The story takes place in a mythical time so long ago that there were neither wars nor winters and only American Indians populated the land. A star appears to the Ojibwe asking to live among the tribe. The star, a young woman, has tired of wandering the skies and would rather be near the people whose children play so happily. The young star woman appears to a young man in his dream to petition his help. He in turn asks the elders, respected for their wisdom in Ojibwe society, for advice and guidance. The tribe has a religious welcoming ceremony, dancing and praying to welcome the star visitor to earth. The star is given a choice of earthly forms, and her final choice brings her close to the canoe people, the Ojibwe.
Legends entertain, but they also educate because they contain the culture in the oral tradition. In this legend we see the values of strong family and tribal ties and the willingness of the people to help one another and to welcome strangers while allowing individual choices.
The terms "maiden" and "brave" used throughout the story, belong to the 1850s (Copley's time) and the dual worldview of Indian people as either savages or pristine innocents. Indian people did not use such romanticized words to discuss their own people, and Indians today don't need this way of thinking reinforced. Society is already full of Indian stereotypes. When reading the legend to children, one can easily replace "maiden" and "brave" with "young woman" and "young man," more appropriate terms.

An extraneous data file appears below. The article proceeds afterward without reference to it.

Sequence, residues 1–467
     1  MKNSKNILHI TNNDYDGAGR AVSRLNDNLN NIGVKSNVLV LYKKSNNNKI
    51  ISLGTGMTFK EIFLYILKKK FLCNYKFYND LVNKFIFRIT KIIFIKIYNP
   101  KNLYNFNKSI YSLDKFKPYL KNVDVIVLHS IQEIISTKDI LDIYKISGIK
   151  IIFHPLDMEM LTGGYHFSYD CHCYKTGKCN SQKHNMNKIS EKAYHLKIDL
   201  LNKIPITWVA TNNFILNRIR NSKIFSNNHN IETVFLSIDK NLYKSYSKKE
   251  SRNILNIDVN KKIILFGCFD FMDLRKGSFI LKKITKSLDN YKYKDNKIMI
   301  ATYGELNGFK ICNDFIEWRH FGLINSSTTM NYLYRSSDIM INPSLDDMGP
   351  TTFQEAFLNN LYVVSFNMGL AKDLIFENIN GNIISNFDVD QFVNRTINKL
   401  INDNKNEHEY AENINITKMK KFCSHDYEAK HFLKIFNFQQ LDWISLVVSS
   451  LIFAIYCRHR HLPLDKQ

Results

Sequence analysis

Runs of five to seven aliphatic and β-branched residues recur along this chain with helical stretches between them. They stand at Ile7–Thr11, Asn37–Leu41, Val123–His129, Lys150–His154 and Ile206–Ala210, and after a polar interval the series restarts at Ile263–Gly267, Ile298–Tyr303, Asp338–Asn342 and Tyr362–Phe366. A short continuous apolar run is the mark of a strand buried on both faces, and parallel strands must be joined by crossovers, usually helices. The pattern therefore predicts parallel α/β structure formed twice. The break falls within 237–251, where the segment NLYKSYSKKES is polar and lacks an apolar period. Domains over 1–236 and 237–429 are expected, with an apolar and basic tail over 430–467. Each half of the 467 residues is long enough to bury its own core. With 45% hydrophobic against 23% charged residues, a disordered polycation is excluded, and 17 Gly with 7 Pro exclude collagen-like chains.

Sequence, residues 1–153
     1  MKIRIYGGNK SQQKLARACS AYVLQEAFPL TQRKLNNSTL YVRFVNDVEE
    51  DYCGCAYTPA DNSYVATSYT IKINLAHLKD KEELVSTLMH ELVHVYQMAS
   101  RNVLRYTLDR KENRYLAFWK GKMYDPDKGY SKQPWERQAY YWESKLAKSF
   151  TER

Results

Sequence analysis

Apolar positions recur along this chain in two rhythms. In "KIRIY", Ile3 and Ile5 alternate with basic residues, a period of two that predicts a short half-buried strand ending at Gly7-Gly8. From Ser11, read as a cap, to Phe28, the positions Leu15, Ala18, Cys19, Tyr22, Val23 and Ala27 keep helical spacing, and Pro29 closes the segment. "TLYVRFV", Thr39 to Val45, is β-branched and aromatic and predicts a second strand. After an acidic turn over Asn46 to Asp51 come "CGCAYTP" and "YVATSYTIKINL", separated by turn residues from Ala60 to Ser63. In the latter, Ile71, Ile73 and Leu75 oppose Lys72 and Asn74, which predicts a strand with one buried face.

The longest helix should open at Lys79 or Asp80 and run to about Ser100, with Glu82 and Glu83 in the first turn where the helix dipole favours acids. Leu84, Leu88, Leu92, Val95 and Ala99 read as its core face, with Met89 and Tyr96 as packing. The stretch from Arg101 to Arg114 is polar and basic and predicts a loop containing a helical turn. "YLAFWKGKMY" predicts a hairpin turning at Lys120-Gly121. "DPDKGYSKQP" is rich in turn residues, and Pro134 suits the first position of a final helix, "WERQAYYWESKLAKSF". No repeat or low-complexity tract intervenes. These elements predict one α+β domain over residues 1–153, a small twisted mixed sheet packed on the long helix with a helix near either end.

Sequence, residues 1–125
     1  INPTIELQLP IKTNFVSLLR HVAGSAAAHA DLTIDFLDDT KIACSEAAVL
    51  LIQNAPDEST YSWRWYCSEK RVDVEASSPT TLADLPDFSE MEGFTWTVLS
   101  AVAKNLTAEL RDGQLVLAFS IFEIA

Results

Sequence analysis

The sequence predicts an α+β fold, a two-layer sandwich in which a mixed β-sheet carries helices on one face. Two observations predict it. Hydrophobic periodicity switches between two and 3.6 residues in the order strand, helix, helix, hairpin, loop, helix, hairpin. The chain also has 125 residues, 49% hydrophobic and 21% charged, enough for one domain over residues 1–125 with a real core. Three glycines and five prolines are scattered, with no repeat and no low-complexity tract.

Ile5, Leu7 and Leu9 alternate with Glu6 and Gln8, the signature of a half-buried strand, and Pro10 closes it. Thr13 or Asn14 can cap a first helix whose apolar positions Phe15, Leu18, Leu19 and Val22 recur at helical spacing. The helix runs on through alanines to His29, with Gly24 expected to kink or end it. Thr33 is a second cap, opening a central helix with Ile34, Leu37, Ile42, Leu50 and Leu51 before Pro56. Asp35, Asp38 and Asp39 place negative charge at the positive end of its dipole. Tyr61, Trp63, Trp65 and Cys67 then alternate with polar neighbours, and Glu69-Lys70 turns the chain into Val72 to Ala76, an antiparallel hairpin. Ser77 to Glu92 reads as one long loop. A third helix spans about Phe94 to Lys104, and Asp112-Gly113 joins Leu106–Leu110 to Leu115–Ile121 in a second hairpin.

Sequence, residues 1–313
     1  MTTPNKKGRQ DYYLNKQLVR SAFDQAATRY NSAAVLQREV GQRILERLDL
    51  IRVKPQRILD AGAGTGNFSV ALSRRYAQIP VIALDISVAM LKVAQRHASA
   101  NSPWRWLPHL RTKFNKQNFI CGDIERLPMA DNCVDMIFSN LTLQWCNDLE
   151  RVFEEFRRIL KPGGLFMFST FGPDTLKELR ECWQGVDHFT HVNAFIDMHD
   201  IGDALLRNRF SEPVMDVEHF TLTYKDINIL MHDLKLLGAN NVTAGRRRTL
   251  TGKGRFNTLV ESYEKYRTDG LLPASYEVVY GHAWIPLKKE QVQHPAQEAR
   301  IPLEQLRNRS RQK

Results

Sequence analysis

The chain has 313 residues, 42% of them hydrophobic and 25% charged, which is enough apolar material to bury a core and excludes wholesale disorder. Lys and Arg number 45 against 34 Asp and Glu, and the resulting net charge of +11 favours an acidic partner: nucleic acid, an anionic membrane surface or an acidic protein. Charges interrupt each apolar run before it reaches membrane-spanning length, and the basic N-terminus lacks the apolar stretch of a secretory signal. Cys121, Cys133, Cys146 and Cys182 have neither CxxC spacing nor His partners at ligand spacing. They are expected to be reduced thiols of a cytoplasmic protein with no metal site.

The illustrator, Helen K. Davie, paints incredibly detailed and exquisite pictures and borders. The stylization of floral and geometric border designs appear to be copies of authentic Ojibwe beadwork and Great Lakes tribal ribbon work. Her research shows the attention given historical traditions. For example, the girl wears the shoulder strap dress with a jacket cape copied from the earliest known drawings of an Ojibwe women's dress. Each illustration is bursting with details of Indian life. Bordering each page are authentic designs from old porcupine quillwork, ribbon applique patterns, and woodland scenes. The drawings incorporate such details as the birch trees and Ojibwe birch bark canoes. Davie uses softer colors and some softened shapes, such as the star woman fading out when enveloped in starlight. The integration of the colors and the blending of tones are effective for the mood of this romantic tale. The effect created is that of the natural world - the use of natural dyes and the real beauty of Mother Earth in the northern woodlands.
Ojibwe stories contain the culture of the people. They are rich in history, knowledge of plants, animals, and human nature. Many stories contain valuable information on how we must learn to live. Esbensen and Davie have done their homework well, presenting us with a gentle and loving work to be relished by both children and adults. --Sally M. Hunter
Barbara Juster Esbensen Memorial